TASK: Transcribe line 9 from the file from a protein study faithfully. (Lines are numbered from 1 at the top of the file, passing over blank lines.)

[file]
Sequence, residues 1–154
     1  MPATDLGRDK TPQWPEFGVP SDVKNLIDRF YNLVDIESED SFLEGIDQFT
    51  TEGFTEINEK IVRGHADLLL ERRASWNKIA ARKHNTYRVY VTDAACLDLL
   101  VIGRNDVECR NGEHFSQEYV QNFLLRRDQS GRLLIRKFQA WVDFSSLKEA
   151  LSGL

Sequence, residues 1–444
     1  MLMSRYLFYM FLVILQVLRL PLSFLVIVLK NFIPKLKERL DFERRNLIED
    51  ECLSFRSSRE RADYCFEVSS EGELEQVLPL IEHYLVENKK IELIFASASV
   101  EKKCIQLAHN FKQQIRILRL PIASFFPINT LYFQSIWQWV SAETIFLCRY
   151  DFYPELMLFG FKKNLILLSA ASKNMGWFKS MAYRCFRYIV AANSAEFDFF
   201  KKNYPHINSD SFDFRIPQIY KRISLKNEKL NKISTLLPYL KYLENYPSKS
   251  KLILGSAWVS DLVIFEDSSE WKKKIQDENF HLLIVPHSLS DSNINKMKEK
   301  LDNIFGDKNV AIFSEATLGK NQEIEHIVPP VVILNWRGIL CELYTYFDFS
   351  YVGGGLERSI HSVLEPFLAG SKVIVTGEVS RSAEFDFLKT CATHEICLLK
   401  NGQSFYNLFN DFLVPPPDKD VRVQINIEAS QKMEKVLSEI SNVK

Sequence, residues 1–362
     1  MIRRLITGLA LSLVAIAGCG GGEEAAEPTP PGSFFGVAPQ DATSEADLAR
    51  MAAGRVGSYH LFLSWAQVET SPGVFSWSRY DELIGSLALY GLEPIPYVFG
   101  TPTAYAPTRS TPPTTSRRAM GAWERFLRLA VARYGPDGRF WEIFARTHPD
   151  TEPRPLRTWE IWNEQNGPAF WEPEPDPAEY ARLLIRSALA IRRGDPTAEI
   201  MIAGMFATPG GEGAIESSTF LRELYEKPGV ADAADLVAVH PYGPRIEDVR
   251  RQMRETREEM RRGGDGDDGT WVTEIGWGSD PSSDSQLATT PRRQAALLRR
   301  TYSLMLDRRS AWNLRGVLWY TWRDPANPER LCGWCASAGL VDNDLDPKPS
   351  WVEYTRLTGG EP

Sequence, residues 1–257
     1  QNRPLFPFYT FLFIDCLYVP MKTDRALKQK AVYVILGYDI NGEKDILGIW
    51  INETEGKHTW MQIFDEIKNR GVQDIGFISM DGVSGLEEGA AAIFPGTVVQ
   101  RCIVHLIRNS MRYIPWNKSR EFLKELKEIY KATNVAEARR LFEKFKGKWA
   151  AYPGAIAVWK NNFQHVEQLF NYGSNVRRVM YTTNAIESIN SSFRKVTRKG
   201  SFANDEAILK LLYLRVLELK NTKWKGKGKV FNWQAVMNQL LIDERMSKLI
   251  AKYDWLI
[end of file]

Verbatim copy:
   101  EKKCIQLAHN FKQQIRILRL PIASFFPINT LYFQSIWQWV SAETIFLCRY